A Spoonful of Sugar helps Ethanol Production? Comparing the Effect of Sucrose and Corn Sugar on the Ethanol Production of Saccharomyces cerevisiae.

Isabella Onofrio, Taylor Outlaw, Liesl Melnick, Kaelyn Lawson, Jonathan Albers


Baker’s yeast, or Saccharomyces cerevisiae is commonly used in bread and alcohol production, but it also produces biofuels which sustain the environment. This experiment examines how the complexity of sugar affects the ethanol production of yeast. The prediction was that yeast grown with corn sugar would produce more ethanol than yeast grown with sucrose, since corn sugar is less complex and chemically identical to glucose, which typically ferments faster than other sugars. Three trials were performed, in which yeast was grown in identical biochambers containing either sucrose and corn sugar while the ethanol production was recorded. The results indicated that yeast grown in sucrose produced more ethanol than yeast grown with corn sugar. Therefore, the suggestion was that the complexity of sucrose provides the yeast with more energy.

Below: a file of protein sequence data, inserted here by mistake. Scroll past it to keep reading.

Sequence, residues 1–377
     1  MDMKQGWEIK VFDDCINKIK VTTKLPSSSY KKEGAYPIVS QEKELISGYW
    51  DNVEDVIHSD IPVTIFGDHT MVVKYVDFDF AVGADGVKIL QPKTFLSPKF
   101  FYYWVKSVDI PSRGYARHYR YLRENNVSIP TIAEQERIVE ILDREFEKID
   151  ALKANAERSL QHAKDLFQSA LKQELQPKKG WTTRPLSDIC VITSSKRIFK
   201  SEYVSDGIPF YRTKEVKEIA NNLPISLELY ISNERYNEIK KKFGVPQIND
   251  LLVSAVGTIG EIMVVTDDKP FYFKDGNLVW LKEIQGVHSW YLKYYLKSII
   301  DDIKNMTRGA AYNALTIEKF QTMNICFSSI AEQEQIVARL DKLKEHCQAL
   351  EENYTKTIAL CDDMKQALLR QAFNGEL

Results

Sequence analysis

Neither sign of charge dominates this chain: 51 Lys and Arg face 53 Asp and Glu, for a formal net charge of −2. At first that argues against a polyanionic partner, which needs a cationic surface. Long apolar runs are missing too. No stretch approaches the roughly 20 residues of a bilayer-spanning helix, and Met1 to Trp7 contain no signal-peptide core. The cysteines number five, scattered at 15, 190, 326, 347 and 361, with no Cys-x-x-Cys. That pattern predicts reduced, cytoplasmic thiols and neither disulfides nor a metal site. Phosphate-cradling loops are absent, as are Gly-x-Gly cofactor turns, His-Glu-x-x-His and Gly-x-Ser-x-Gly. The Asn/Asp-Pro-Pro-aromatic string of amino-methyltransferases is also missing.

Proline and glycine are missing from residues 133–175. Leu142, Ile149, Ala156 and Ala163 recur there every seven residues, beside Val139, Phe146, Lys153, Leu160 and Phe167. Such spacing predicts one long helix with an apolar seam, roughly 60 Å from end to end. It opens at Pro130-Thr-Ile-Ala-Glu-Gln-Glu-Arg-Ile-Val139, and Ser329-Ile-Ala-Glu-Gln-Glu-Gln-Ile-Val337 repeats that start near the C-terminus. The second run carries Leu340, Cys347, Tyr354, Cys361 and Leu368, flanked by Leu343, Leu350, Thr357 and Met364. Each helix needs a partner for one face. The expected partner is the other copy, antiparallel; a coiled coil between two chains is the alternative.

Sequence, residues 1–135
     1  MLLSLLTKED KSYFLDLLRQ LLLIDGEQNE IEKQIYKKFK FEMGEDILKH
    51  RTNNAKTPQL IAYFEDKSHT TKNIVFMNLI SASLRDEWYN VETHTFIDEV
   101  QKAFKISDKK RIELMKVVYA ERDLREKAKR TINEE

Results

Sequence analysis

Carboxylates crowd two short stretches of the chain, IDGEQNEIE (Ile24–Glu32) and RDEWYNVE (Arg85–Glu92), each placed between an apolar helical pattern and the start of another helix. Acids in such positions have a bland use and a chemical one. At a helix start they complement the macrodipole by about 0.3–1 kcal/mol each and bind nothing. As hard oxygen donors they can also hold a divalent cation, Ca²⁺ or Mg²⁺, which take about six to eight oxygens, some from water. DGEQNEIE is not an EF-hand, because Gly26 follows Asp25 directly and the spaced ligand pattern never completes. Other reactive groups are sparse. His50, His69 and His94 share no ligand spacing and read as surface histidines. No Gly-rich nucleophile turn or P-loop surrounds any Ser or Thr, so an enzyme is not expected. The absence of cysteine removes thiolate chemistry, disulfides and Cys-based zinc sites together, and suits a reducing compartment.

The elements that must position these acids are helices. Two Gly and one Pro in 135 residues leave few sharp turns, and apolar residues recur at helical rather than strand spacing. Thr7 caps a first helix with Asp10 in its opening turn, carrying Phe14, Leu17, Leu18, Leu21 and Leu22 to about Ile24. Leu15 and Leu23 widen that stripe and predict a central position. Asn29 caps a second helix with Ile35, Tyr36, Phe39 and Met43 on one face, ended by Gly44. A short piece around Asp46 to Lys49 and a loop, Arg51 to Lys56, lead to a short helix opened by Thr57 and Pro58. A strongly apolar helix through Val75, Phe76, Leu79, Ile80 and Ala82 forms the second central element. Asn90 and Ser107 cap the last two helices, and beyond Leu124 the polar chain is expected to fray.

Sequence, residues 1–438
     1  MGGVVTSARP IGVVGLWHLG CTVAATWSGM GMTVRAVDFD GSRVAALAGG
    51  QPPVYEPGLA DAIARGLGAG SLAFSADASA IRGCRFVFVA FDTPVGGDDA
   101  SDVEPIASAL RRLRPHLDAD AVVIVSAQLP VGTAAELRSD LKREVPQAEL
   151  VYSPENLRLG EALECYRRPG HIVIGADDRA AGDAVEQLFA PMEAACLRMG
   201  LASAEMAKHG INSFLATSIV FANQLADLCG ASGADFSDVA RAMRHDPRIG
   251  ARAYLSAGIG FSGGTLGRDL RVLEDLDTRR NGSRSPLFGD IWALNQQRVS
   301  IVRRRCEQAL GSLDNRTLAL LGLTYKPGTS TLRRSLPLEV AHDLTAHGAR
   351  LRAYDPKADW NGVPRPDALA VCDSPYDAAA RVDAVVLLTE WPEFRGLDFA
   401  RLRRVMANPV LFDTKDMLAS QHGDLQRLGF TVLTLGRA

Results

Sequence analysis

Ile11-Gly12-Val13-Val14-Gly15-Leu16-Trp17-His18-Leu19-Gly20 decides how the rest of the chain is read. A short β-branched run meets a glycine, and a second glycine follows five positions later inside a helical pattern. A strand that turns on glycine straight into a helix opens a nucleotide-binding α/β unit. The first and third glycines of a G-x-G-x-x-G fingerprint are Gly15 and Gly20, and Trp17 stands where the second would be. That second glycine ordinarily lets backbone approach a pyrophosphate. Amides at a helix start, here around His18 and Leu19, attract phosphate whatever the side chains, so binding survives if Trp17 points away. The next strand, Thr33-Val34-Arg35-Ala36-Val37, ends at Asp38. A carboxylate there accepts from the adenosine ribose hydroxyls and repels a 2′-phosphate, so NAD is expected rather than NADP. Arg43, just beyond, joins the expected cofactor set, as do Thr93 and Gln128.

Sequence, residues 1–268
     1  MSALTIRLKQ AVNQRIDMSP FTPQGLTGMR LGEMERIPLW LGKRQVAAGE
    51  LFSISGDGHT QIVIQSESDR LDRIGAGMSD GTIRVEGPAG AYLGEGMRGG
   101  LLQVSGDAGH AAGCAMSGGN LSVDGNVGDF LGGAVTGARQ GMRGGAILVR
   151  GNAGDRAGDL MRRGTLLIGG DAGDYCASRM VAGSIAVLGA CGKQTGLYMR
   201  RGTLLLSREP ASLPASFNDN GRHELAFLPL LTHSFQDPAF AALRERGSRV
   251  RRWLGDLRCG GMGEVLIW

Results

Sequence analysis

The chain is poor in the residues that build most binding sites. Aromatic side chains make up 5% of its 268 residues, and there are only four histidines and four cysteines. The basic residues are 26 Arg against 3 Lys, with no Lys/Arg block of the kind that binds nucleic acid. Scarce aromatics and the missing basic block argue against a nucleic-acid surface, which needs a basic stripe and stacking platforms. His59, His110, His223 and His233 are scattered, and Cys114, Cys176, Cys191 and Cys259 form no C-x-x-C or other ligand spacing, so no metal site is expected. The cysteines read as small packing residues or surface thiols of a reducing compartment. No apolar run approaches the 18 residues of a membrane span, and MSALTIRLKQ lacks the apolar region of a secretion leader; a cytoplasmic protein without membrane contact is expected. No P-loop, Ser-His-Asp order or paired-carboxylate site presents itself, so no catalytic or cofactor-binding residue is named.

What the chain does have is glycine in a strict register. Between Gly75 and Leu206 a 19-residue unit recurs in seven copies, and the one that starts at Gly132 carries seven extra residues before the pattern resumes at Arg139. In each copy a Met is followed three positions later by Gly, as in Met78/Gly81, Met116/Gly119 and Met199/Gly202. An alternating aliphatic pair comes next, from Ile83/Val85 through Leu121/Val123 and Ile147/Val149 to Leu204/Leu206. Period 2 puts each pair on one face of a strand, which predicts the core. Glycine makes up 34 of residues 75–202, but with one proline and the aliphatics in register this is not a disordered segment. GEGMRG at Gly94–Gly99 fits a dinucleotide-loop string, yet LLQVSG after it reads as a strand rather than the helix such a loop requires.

Full Text:



  • There are currently no refbacks.